Mbue, Behold the Dreamers, 25.


Mbue, Behold the Dreamers, 21.


Mbue, Behold the Dreamers, 225.


Kaplan, “We Are What We Collect,” 147.


Grewal, “Gendering Refugees,” 184.


Michele L. Statz, Roberto G. Gonzales, Nando Sigona, and Edelina Muñoz Burciaga, “Chinese Difference and Deservingness: The Paper Lives of Young Migrants,” American Behavioral Scientist 60, no. 13 (2016): 1630,


Statz et al., “Chinese Difference,” 1643.


Statz et al., “Chinese Difference,” 1635.


Mbue, Behold the Dreamers, 224.


Kaplan, “We Are What We Collect,” 151. See also Dominique Daniel's synthesis of scholars who caution that archives designed around ethnic identity can present a “fragmentary, narrow, and static view of the so-called ethnic experience.” Also, Cristine Paschild's exploration of how prioritizing identity can detract from other important energies in archives, including financial operations and archival collections themselves, raises points that are particularly relevant to resettling communities who, from all over the world, may be relocated toward one part of a city in the United States: she writes, “generalized commonalities may be highlighted over the specificities of difference, including those as influential as national context, relationships between spoken language and language of record, and impetus for emigration. Conversely, selected specificities may be raised as representative of issues for the whole, supporting misperceptions that the challenges for one community archives are the challenges for all.” Daniel, “Documenting the Immigrant and Ethnic Experience,” 95; Cristine N. Paschild, “Community Archives and the Limitations of Identity: Considering Discursive Impact on Material Needs,” American Archivist 75, no. 1 (2012): 133,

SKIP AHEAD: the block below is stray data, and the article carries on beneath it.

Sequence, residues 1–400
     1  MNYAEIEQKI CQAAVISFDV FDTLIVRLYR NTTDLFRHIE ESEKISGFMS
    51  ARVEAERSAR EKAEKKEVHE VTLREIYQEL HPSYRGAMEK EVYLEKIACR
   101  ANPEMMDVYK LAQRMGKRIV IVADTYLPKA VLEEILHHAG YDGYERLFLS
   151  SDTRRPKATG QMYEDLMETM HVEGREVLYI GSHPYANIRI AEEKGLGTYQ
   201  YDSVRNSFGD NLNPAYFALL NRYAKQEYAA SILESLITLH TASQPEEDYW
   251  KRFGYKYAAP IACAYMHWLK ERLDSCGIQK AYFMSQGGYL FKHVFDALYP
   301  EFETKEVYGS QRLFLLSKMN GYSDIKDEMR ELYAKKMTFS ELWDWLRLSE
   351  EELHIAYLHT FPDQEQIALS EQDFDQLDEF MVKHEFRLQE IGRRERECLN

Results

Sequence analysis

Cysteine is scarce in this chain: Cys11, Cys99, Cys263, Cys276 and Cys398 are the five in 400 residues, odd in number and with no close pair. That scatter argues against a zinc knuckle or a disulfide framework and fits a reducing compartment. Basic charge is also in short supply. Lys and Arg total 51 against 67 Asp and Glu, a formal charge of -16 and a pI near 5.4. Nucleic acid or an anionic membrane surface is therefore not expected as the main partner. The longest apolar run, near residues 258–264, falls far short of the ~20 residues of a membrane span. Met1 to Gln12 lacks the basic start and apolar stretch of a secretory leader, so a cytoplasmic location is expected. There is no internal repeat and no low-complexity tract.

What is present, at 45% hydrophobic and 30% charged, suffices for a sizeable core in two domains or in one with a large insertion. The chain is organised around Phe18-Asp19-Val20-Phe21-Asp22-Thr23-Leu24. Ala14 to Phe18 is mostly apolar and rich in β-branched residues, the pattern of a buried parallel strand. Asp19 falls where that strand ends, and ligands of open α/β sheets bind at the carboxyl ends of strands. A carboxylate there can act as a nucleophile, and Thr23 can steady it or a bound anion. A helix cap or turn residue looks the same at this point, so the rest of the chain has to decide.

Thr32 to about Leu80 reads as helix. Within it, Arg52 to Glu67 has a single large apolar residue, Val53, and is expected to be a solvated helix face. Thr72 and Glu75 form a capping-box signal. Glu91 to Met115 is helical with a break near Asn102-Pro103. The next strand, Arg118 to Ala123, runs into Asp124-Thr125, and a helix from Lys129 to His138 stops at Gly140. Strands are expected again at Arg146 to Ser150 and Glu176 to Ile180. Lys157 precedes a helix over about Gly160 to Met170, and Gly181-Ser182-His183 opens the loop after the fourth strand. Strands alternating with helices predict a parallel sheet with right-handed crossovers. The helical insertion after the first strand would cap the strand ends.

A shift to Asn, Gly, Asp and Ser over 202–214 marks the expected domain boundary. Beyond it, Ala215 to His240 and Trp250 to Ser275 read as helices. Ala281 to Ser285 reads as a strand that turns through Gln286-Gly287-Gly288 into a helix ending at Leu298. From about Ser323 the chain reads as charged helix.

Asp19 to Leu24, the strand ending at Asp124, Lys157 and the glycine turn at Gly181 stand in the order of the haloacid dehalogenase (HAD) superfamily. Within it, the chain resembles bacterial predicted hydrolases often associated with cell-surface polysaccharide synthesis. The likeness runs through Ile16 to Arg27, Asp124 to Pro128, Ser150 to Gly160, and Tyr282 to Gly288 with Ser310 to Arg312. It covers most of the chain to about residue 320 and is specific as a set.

For example, Robert M. Warner and Francis X. Blouin, “Documenting the Great Migrations and a Century of Ethnicity in America,” American Archivist 39, no. 3 (1976): 319–28,; and Tracy B. Grimm, and Chon A. Noriega, “Documenting Regional Latino Arts and Culture: Case Studies for a Collaborative, Community-Oriented Approach,” American Archivist 76, no. 1 (2013): 95–112,


See Daniel, “Documenting the Immigrant and Ethnic Experience.”


Andrew Flinn, Mary Stevens, and Elizabeth Shepherd, “Whose Memories, Whose Archives? Independent Community Archives, Autonomy and the Mainstream,” Archival Science 9, no. 1 (2009): 83, See also Caswell et al., “To Suddenly,” 62.


Alison Turner is a doctoral graduate from the University of Denver in English and literary arts. Her research interests include community literacy, historical fiction of the American Old West, community-engaged scholarship, and archives. She has an MA in comparative literature from the University of Alberta and an MFA in fiction from Bennington College. Her critical work appears in the World Literature Today blog, Short Fiction in Theory and Practice, Reconfigurations: A Journal for Poetics & Poetry / Literature & Culture, and Reflections: A Journal of Community-Engaged Writing and Rhetoric.